Zhang on Zhang, 'The Origins of COVID-19: China and Global Capitalism'
Li Zhang. The Origins of COVID-19: China and Global Capitalism. Stanford: Stanford Briefs, an imprint of Stanford University Press, 2021. 185 pp. $13.99 (paper), ISBN 978-1-5036-3017-8.
Reviewed by Jinghong Zhang (University of California Santa Cruz) Published on H-Sci-Med-Tech (July, 2022) Commissioned by Penelope K. Hardy (University of Wisconsin-La Crosse)
Printable Version: https://www.h-net.org/reviews/showpdf.php?id=57720
Since first breaking out in Wuhan, China in December 2019, the COVID-19 pandemic has persisted for more than two years, fundamentally changing people’s lives worldwide. The Origins of COVID-19: China and Global Capitalism offers a timely and succinct account of the rise of the COVID-19 pandemic in China and its deep entanglement with global capitalism. Understanding COVID-19 as “a world historical force reshaping the intertwined futures of China and global capitalism,” Li Zhang attempts to go beyond conventional economic, political, or biomedical frameworks (p. 2). Instead, she argues that we must understand the origins of emerging diseases “with pandemic potentials” such as COVID-19 and SARS through a complex web of “state-making, science and technology, and global capitalism” (p. 3).
Following a chronological order, The Origins of COVID-19 is organized into six chapters and ends with a short epilogue. In the prelude, Zhang briefly revisits the 2003 SARS outbreak and points out that the COVID-19 pandemic is distinct from SARS in terms of case number and scale of spread. Identifying economic growth and modernity as the driving forces of China’s national development, Zhang contends that they are also at the root of the COVID-19 pandemic and other potentially emerging diseases. Specifically, Zhang includes a fascinating discussion about zoonosis, a heated topic concerned with the possible origins of COVID-19 and other infectious diseases. Zhang meticulously traces the racist discourse about Chinese people’s “exotic” and “revolting” dietary habits, the wildlife consumption markets in China, and the global networks of scientific investigations of animal vector-borne diseases, adding a much-needed environmental and human-animal perspective to our understanding of the pandemic (p. 11).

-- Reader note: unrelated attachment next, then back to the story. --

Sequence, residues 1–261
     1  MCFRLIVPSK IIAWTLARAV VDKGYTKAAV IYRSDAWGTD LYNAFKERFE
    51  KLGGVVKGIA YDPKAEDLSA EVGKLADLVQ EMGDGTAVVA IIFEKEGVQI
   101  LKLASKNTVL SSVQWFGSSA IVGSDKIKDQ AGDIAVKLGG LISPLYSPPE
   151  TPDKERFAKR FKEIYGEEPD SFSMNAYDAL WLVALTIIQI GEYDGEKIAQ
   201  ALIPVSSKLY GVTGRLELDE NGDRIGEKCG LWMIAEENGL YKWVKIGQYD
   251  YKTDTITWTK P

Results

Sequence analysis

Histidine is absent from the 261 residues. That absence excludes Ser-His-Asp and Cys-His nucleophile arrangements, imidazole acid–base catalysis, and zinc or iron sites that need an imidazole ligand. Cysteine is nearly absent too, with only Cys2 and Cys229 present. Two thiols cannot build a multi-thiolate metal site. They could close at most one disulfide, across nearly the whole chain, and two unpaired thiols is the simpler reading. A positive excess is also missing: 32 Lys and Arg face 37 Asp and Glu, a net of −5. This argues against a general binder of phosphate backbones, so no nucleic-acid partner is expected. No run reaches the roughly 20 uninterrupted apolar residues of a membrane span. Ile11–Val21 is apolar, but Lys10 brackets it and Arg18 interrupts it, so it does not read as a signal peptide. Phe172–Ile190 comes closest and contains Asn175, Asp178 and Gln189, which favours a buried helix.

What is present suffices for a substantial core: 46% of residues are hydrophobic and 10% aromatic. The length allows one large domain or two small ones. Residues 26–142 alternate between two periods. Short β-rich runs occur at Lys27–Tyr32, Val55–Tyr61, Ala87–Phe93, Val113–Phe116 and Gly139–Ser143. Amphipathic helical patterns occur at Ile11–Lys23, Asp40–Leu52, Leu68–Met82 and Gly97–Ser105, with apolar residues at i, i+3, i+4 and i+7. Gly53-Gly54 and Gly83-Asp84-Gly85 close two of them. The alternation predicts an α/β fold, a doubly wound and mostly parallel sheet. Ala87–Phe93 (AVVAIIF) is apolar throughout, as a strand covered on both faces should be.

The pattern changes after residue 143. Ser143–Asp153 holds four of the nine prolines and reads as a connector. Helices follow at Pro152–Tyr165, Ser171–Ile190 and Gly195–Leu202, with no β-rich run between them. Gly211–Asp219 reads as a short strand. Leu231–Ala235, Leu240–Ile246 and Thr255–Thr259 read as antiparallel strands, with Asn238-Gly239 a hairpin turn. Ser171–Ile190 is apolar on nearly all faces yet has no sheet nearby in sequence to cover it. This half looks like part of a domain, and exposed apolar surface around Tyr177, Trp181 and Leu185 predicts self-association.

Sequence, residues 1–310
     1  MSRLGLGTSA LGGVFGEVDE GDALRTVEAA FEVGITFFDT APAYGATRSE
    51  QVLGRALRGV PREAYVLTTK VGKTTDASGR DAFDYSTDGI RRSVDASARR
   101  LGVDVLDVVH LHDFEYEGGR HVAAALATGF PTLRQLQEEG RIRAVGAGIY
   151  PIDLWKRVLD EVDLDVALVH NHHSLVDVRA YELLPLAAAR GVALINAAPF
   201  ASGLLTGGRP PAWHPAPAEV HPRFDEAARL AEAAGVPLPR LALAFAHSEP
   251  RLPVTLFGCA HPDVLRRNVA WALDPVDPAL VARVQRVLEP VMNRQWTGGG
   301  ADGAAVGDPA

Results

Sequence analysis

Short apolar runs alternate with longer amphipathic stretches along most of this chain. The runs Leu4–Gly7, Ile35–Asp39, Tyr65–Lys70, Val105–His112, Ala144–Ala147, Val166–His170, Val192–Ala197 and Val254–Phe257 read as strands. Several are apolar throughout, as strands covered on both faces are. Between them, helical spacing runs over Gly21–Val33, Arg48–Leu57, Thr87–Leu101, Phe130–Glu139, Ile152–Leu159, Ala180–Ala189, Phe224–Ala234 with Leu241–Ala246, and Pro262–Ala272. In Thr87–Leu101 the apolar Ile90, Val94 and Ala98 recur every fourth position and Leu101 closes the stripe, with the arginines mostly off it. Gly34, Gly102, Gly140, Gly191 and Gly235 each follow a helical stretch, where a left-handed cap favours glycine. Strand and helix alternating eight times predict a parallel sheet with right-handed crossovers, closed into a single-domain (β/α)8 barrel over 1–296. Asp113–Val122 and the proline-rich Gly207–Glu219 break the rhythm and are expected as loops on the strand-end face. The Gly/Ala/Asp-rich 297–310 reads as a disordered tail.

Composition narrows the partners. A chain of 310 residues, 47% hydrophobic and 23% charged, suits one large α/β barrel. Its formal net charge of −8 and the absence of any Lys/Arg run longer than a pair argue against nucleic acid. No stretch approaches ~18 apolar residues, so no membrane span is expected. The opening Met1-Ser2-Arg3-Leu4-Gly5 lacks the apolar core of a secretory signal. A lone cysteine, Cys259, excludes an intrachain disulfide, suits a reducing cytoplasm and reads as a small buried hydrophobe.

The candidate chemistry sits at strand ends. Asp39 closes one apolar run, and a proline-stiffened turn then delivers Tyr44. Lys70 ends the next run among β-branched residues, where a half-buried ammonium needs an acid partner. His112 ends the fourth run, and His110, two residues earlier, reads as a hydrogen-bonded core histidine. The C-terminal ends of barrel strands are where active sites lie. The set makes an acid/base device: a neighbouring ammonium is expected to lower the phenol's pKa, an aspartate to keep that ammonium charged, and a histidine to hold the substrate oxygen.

In the body of the book, Zhang tracks different stages of the COVID-19 outbreak in China, from its emergence in late 2019 to the declared victory in 2020 and its persistence in 2021. Chapter 2 looks at its initial appearance in late 2019 and the failure of the Wuhan local government to act promptly to prevent its further spread. Zhang also provides us with two hypotheses of the possible origins of COVID-19—farmed wild animals as the intermediary for the spillover to humans or “a direct spillover from a host animal species (such as bats) to humans” (p. 39). Chapter 3 then turns to the public health emergency in January 2020 and traces the Chinese government’s initial cover-up of the outbreak, increasing public pressure, and later the State Council’s call for prompt disclosure of epidemic information to the public at the end of the month. This chapter highlights the Chinese Communist Party (CCP) government’s dilemma of mediating between quick responses and causing unnecessary public panic.